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Vitamin D and eggs: Let the sun shine this winter

Vitamin D and eggs

(Vitamin D and eggs):
The below article was issued for the South African Poultry Association (SAPA) by Protactic Strategic Communications

The COVID-19 pandemic fuelled a work-at-home culture, to curb infection rates especially during infection spikes. In winter, we also stay at home more, and socialise less. But does that mean we are missing the very important nutrient that we get from being outdoors in the sun: vitamin D?

If you think vitamin D deficiency is not of concern in sunny Africa, think again. As many as two in 10 Africans may be vitamin D deficient, suggesting that our continent may have the highest levels of severe vitamin D deficiency in the world.1

Enter the humble egg. Eggs are one of only a handful of foods that naturally contain this sunshine vitamin. One large egg (60 g) contains about 190 IU (international units) of vitamin D, almost one third of our daily needs. And did you know that most of the vitamin D is in the egg yolk? Tossing the egg yolk may mean you miss out on zinc and selenium, two other nutrients important for supporting our immune system.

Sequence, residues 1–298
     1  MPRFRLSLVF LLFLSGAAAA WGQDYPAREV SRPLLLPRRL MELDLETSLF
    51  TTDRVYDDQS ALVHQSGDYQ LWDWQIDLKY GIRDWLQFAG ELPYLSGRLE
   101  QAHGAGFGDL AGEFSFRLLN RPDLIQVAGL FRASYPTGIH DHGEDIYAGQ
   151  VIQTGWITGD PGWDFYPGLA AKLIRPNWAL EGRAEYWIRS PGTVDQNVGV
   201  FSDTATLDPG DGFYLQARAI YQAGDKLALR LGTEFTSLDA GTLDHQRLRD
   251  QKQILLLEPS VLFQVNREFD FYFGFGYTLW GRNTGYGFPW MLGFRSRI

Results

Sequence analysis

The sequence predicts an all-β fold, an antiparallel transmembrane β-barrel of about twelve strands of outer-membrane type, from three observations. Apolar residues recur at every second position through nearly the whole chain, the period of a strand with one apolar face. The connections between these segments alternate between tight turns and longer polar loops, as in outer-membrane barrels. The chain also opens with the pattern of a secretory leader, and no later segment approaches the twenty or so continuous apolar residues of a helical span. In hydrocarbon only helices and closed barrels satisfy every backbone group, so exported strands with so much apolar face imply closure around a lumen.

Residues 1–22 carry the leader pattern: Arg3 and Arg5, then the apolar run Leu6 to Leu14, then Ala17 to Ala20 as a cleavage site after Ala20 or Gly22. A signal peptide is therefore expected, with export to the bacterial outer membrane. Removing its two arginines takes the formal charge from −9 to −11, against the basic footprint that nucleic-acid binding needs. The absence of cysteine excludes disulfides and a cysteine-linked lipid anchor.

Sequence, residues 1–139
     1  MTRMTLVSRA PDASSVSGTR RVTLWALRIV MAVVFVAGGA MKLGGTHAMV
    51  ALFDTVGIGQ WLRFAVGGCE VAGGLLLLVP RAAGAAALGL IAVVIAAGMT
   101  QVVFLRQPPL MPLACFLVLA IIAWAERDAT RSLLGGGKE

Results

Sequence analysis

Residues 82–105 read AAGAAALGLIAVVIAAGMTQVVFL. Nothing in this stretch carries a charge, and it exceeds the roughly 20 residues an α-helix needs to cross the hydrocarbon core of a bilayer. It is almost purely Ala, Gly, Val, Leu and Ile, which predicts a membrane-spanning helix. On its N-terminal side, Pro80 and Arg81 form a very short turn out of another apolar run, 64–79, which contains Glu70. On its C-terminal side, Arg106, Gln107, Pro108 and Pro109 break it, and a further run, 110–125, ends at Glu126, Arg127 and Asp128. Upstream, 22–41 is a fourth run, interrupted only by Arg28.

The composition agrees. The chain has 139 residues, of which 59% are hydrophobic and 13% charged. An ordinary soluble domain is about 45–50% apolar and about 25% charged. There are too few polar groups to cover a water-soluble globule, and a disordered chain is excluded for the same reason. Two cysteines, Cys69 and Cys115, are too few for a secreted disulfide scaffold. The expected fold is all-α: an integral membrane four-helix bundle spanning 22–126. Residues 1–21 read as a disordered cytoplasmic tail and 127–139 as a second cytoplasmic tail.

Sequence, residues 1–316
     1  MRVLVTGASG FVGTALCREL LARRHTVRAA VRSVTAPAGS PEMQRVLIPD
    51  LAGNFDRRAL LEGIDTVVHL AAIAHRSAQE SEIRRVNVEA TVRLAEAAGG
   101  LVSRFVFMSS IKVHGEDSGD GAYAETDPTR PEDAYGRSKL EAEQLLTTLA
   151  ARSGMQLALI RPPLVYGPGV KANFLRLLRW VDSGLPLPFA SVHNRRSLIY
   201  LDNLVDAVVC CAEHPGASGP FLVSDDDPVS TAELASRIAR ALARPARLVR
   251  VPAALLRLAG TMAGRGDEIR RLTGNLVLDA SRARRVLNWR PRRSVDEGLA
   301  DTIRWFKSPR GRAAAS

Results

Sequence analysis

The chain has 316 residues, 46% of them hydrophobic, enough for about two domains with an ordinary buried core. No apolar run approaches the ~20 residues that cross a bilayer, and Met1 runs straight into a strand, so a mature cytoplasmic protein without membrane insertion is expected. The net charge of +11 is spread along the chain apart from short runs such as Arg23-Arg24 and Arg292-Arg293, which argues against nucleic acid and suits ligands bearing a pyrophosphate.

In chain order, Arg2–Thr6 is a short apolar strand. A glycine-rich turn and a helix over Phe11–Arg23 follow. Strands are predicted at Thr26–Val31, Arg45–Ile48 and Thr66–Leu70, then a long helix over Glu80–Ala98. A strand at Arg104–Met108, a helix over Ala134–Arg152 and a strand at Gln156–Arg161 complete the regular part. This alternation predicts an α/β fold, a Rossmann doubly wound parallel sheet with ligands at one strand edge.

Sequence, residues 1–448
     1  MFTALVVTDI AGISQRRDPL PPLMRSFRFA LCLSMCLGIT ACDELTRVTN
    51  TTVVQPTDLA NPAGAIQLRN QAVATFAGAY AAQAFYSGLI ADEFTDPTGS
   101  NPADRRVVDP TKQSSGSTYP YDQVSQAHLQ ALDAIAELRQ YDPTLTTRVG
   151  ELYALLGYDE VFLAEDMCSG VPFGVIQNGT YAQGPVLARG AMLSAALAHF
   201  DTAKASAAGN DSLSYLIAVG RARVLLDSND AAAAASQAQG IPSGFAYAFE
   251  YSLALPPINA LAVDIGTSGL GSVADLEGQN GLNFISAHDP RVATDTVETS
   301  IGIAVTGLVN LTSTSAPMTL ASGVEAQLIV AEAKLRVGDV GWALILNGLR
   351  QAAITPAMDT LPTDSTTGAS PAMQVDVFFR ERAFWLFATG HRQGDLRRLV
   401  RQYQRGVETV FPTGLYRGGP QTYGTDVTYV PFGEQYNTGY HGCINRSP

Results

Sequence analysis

Remember, too, that scientists think there may be a link between vitamin D deficiency and the risk of COVID-19 infections. In a new 2022 study,2 Israeli researchers found that those with a vitamin D deficiency were 14 times more likely to have severe or critical disease than those with normal vitamin D levels.

So why not serve up eggs whilst catching some rays at a picnic and get a double whammy of vitamin D? Whether simple and sunny side up, or sandwiched in a bagel with scrumptious smoked trout (recipe below), include eggs as part of your healthy and balanced diet this winter.

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  1. Boullion, R., 2020. Vitamin D status in Africa is worse than in other continents. The Lancet Global Health (1), E20-21. Available from:
  2. Dror, A.A., Morzozov, N., Daoud, A., Namir, Y., Yakir, O. et al., 2022. Pre-infection 25-hydroxyvitamin D3 levels and association with severity of COVID-19 illness. PLoS ONE 17 (2), e0263069.


Egg & Smoked Trout Bagel

Serves 4


  • 500ml boiling water
  • 30ml vinegar
  • 4 eggs
  • 4 bagels, toasted
  • 100g smoked trout, thinly sliced
  • 200g baby spinach, blanched
  • 2 dill fronds, chopped
  • 1 lemon
  • Salt and pepper to taste


  1. Pour the 500ml boiling water and vinegar into a small saucepan and bring to a simmer. Once the water starts boiling, reduce the heat to low. Crack open the eggs one at a time into separate ramekins or egg poaching cups.
  2. Drop the poaching cups into the water. For a firm white and runny yolk, you’ll want to poach for 3-4 minutes. Remove with a slotted spoon once done to your liking and set aside.
  3. Slice bagels in half, and toast.
  4. Layer blanched spinach onto the bagel halves, followed by the smoked trout and poached eggs, and top with chopped dill.
  5. Squeeze fresh lemon juice over the assembled bagel. Season with salt and pepper and enjoy!

Read more about health benefits for children, here.

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